Room for Debate

Gunfire as Conflict Resolution

Victor Rios

Victor Rios is a sociology professor at the University of California, Santa Barbara. He is the author of "Punished: Policing the Lives of Black and Latino Boys."

March 21, 2012

Self-defense legislation breeds and fuels a culture of vigilantism and violence. Under these "shoot first" laws, individuals and groups with the proclivity to engage in violent behavior in the name of self defense are basically given legal permission to kill.

Everyday conflicts between citizens, like road rage, neighborly disputes and unwarranted fear or suspicion of other races, may now be resolved with gunfire.

I believe that these laws will lead to an increase in murder rates. Already, the Tampa Bay Times found that in Florida, justifiable killings had increased three-fold since the Stand Your Ground law had passed in 2005. When we allow people to take the law into their own hands, society pays a price.

I shudder to think about the effect this will have on rival gang members.

Street justice, racist Wild West vigilantism and biblical ferocity are just a few of the scenarios that will play out more and more regularly if legislation like this continues to be approved. Add the fact that in this country, poor, young and black (or Latino) people are the ones most often being targeted as criminals, and you have a ticking time bomb.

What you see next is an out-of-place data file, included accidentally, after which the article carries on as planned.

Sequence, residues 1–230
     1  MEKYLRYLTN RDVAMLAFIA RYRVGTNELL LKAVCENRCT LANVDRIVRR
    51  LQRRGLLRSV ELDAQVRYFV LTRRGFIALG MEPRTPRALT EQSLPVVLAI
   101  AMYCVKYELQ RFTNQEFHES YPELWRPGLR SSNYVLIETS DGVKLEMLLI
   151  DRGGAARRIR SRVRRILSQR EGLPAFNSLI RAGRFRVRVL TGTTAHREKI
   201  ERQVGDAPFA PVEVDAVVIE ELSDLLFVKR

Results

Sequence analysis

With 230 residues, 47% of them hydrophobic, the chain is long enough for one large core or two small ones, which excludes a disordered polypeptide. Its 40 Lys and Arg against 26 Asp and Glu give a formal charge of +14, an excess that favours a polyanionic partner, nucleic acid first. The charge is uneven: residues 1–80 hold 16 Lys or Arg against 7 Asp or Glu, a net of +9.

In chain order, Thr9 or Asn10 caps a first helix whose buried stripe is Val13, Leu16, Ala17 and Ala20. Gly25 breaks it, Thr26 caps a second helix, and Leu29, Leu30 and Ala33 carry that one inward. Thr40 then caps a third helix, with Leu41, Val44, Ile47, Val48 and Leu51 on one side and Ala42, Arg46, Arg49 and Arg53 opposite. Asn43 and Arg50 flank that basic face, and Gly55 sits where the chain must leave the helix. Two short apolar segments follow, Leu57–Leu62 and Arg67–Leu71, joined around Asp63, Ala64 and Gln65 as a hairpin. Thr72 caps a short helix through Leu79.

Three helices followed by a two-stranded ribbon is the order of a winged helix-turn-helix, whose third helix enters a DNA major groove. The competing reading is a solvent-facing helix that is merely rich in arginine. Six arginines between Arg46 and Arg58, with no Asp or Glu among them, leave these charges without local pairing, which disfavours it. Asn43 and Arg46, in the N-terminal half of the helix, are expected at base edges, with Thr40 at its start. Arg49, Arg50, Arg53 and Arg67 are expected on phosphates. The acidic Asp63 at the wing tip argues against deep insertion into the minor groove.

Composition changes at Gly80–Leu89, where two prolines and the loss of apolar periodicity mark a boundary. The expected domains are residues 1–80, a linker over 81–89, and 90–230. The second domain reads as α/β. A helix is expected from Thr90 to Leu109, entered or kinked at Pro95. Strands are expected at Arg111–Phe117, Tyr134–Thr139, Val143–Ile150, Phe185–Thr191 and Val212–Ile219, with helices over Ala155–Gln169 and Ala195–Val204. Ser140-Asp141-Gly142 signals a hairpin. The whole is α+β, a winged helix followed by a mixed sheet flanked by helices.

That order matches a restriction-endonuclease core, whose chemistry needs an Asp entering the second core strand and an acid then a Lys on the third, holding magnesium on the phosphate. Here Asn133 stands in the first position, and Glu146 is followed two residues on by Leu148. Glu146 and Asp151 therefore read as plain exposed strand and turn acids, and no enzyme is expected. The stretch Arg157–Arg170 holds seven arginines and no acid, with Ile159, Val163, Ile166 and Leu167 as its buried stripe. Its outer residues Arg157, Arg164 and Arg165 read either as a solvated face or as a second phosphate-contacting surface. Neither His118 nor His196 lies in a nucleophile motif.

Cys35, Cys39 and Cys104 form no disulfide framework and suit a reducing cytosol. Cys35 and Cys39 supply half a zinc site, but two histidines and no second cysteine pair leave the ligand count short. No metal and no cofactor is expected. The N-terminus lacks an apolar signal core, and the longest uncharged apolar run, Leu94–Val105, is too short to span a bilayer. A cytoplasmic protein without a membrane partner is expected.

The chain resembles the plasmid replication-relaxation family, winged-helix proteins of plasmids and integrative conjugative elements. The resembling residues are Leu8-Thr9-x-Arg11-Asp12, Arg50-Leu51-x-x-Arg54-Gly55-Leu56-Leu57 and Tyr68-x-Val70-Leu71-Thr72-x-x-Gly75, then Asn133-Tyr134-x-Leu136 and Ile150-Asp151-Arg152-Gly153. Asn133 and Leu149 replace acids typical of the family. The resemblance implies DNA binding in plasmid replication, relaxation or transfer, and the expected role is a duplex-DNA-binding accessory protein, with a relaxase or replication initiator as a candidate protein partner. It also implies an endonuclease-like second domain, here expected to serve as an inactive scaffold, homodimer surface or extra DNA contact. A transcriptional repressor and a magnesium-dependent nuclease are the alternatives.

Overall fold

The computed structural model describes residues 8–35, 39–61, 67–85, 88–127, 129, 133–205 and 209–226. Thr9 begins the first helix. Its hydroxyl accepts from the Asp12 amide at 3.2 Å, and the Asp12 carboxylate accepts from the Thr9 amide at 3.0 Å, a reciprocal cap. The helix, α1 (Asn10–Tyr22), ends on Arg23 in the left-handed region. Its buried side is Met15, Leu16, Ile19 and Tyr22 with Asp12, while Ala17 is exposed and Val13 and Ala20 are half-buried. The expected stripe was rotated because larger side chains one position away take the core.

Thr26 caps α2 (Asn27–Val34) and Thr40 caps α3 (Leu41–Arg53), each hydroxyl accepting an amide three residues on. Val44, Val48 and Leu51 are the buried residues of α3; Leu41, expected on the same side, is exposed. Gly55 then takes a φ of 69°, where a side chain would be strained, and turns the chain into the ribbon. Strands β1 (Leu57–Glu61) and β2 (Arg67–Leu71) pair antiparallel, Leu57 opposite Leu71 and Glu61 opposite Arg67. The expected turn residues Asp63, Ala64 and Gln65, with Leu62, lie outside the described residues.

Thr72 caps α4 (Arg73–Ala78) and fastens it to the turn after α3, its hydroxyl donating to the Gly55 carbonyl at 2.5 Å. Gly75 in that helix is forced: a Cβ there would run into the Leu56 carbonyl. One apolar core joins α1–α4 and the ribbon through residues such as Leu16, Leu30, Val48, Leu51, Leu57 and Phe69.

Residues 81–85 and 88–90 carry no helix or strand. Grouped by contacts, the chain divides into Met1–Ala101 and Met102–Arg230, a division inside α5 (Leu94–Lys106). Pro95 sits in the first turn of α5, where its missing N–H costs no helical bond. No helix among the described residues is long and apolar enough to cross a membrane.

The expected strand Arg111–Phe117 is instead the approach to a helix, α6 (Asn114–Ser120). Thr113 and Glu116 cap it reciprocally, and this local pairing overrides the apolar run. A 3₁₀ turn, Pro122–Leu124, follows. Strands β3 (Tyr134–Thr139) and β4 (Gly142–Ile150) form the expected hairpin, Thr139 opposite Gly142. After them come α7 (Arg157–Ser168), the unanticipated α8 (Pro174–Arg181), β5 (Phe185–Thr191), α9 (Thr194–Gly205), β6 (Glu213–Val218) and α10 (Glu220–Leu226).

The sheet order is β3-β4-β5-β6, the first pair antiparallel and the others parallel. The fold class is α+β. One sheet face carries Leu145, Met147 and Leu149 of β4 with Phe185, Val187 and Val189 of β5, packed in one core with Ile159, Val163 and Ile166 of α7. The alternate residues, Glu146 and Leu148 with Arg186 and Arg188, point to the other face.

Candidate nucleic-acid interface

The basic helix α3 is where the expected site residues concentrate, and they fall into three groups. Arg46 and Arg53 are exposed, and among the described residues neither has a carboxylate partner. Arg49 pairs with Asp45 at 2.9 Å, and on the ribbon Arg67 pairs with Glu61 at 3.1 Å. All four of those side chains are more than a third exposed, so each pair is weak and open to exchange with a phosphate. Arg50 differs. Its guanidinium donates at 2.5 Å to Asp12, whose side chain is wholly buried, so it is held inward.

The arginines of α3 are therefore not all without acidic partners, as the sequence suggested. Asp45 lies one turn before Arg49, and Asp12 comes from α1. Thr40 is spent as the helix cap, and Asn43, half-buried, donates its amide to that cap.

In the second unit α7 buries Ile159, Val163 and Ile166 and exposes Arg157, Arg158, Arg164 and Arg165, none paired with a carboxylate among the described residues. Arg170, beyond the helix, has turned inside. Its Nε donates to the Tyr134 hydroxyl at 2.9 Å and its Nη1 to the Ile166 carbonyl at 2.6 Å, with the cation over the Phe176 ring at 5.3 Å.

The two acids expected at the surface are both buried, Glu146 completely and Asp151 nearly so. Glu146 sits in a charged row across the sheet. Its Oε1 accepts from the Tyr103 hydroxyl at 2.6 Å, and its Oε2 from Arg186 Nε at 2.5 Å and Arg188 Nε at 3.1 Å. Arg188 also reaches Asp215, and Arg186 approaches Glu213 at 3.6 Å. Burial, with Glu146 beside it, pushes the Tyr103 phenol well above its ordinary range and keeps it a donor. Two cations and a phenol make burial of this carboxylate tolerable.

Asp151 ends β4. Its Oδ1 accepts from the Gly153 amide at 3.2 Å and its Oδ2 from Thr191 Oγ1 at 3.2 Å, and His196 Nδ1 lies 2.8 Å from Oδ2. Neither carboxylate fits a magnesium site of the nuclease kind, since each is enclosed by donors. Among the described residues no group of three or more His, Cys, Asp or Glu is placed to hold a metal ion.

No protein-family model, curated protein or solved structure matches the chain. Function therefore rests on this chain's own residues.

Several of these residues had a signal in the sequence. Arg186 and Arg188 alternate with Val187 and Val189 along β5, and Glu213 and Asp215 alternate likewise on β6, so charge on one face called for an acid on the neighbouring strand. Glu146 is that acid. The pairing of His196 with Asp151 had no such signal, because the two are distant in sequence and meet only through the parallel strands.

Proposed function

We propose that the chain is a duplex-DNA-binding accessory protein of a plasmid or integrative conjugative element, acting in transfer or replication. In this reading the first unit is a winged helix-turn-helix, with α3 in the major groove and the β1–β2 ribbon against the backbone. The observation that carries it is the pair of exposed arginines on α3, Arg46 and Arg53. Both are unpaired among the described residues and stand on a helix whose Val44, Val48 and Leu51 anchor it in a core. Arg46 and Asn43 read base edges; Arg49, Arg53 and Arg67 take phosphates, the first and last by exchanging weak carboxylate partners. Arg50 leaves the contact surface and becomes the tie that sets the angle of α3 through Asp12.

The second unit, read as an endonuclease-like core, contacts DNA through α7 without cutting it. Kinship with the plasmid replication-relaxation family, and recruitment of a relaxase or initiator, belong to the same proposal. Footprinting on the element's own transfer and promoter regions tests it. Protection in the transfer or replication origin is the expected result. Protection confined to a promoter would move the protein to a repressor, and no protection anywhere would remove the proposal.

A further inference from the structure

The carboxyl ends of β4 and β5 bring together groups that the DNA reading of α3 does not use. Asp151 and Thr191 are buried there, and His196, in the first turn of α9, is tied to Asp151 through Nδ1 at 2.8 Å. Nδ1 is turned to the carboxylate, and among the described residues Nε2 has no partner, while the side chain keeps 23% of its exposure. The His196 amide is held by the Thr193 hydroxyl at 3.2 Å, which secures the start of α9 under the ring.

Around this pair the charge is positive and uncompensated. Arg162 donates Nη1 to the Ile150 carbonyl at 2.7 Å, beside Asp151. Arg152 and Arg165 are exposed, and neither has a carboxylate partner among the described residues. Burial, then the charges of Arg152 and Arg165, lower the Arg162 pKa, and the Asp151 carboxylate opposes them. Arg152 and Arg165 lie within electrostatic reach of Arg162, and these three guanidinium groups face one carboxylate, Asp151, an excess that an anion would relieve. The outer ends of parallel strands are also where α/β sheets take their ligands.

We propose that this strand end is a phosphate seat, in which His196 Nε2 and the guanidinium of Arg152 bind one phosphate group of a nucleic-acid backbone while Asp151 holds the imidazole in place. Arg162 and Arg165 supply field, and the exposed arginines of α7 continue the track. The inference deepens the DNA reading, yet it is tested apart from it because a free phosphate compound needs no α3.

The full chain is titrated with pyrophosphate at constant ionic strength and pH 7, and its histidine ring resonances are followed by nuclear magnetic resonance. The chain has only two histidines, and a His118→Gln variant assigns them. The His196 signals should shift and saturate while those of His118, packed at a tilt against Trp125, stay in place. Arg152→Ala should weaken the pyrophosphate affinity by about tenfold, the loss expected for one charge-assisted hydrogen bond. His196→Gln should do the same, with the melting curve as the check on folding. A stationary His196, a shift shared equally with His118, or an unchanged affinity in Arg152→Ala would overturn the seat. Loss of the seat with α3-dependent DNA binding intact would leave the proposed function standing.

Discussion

What if one day I bumped into someone by accident or flipped someone off for taking my parking spot and he felt threatened? Would he have the legal justification to shoot and kill me? I shudder to think about the effect this will have on rival gang members, who are already hard-pressed to control violence toward each other. Based on my experience, retaliation is always an easy option on the streets. We don't want the law giving people the idea that their violent actions will be treated with impunity.

The public must demand that lawmakers enact legislation that presses for stricter gun control and that reverses Stand Your Ground and other similar statutes. Otherwise sociopaths, angry mobs and naïve individuals will use gunfire more and more as conflict resolution.

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Topics: Law, criminal justice, guns

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